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#16

I’d like to know where you stole that text from, because we know you didn’t write that.

EDIT:
Ok, Ellmer changed his post, removing the paragraphs from some other webpage, put them on his own site, and posted a link to his site.


#17

No, he didn’t write it, nor did he claim to. I have no doubt, if he was on his own topic, he could write as effective a paper as I can on any subject I’m enthusiastic about.

My desire to teach skewed the results of an aptitude battery, which the VA was using to pluck viable traits from, for post-military education and professions… Life sucks and can really kill dreams, though.

Anyway, he got it from any one of a number of sources. I found it here:


(Wilfried Ellmer) #18

if looking for info sources on PTG technology check here / noanswer to @KatOnTri - reference (9)


#19

IMHO, the best strategy is to make Methane and eliminate the LPG/LNG altogether. By using fossil fuels, we’re dumping more CO2 into the atmosphere. The CO2 can be mitigated, but laying waste to areas, due to man-made earthquakes and polluted water supplies is already too much of a problem. Fracking for NG reserves is shooting us in the foot. Raping the earth is not the solution.


(Wilfried Ellmer) #20

big fuel and oceanic kelp and algea farming can be industries that complement each other using the existing LNG / Methan/ Hydrogen infrastrucure to integrate - comming to a carbon neutral balance in the end (within 50 years )


#21

Big fuel will switch when they run out of natural resources, or the damages and death-toll reach some level where the population revolts, not before.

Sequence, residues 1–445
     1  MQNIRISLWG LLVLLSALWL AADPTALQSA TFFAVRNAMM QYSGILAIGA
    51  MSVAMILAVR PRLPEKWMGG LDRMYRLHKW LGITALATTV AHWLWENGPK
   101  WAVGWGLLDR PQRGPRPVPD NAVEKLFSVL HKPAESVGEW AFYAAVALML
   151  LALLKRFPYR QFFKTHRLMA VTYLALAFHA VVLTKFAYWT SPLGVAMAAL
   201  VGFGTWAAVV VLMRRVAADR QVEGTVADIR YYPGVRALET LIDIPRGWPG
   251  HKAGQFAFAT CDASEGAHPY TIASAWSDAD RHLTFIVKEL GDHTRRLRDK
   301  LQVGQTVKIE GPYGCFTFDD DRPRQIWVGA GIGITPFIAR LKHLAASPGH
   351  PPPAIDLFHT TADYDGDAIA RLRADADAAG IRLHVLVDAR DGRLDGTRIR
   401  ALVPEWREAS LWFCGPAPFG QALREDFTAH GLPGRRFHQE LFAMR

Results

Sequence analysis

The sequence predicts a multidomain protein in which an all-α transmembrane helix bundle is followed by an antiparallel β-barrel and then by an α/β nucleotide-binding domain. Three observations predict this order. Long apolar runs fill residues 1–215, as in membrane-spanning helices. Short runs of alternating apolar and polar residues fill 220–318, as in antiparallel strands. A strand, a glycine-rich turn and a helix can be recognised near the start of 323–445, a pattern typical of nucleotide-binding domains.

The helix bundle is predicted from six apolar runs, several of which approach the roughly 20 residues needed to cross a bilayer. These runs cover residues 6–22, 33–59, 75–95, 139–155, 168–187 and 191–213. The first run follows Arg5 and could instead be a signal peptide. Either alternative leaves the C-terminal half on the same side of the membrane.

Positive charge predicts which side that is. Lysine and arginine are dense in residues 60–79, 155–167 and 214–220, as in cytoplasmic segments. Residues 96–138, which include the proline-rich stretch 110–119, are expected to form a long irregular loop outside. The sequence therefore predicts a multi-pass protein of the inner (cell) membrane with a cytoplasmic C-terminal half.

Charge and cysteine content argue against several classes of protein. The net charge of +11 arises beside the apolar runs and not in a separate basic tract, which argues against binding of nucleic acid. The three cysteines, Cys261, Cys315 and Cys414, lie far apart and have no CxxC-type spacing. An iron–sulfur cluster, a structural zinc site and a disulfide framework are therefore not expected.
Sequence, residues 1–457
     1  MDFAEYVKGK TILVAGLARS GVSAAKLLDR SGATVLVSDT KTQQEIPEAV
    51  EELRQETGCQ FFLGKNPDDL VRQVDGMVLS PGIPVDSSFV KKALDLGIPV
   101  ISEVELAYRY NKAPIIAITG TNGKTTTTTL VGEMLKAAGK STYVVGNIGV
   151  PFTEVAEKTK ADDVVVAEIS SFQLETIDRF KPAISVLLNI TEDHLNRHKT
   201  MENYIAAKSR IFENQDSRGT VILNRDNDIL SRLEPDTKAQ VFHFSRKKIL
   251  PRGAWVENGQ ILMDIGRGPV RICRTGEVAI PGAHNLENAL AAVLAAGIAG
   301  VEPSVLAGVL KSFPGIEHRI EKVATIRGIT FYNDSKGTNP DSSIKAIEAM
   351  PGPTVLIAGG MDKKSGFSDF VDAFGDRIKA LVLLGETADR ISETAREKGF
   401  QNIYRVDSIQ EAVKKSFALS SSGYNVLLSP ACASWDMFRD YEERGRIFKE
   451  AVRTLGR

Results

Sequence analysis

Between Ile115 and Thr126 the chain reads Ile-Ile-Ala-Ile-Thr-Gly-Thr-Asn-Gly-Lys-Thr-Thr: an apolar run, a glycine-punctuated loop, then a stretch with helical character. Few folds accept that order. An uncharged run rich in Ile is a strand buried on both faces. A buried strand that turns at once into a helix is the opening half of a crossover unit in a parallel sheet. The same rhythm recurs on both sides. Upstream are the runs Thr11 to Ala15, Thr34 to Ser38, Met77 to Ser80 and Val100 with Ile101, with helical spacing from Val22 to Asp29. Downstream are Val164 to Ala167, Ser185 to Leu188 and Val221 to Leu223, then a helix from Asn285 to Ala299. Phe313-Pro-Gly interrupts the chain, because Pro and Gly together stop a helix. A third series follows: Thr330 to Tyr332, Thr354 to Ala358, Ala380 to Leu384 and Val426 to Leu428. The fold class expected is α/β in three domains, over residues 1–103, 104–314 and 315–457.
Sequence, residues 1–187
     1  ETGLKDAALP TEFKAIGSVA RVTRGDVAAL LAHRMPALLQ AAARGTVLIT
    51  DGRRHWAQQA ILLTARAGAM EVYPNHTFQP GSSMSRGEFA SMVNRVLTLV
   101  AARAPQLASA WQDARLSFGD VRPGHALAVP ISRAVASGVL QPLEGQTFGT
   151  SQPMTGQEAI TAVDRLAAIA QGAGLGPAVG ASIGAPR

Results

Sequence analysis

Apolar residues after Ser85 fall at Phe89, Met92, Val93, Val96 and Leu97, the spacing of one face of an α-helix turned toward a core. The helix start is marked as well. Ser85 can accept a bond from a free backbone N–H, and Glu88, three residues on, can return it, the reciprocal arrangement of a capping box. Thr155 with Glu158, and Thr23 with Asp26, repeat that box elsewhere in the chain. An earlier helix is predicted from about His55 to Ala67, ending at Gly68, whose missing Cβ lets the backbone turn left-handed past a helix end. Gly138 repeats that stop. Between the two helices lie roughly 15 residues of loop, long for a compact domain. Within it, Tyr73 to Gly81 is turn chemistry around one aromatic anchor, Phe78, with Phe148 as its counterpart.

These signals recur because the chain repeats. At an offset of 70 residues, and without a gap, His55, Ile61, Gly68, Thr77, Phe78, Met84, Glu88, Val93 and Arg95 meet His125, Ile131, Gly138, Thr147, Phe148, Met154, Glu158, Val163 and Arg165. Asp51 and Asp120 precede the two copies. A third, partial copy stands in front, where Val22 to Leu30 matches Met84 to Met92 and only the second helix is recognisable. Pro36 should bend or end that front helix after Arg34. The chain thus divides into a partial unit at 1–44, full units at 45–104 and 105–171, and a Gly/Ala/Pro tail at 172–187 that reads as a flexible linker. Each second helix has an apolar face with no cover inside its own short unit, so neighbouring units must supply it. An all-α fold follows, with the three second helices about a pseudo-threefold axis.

Kelp and algae have failed on both the biogas, and the plant-based oil efforts. Growing more plants COULD mitigate the CO2 discharges, but nobody is collecting CO2 and permanently storing it, to remove it from the atmosphere. Carbon sequestration has not happened, and the continued deforestation is doing additional damage.


(Larry G) #22

http://www.alkcon.com/documents/Methane-to-propane-startup-wooing-investors.pdf

Honestly, the carbon trading scheme will probably wreck the world economy, and it does nothing for us. But by all means, maximize your individual utility while it’s happening. You can’t stop it anyway.


#23

Waste of effort. All they need is minor re-jetting of the appliances and carburetors.


(Wilfried Ellmer) #24

The energy solution will not be a “single thing” it will be a integrated sistem of stuff from wind, wave, solar, biomass methane, hydrogen etc… - the role of oceanic LNG infrastructure is that it is “the great integrator” that allows too hook all this seamless to our existing energy sistem based on oil fuels, ambient impact can be scaled gradually down without the need for “revolutionary changes” that are not on the horizon anyhow. The changes need to happen in the next 30 years and they need to be MASSIVE in their sum just to allow survival…the world must be decarbonized by 2050 and seasteads deploying oceanic LNG based industry infrastructure on large scale on floating infrastructure that imply “permanent dwellings” are the only way to get it done.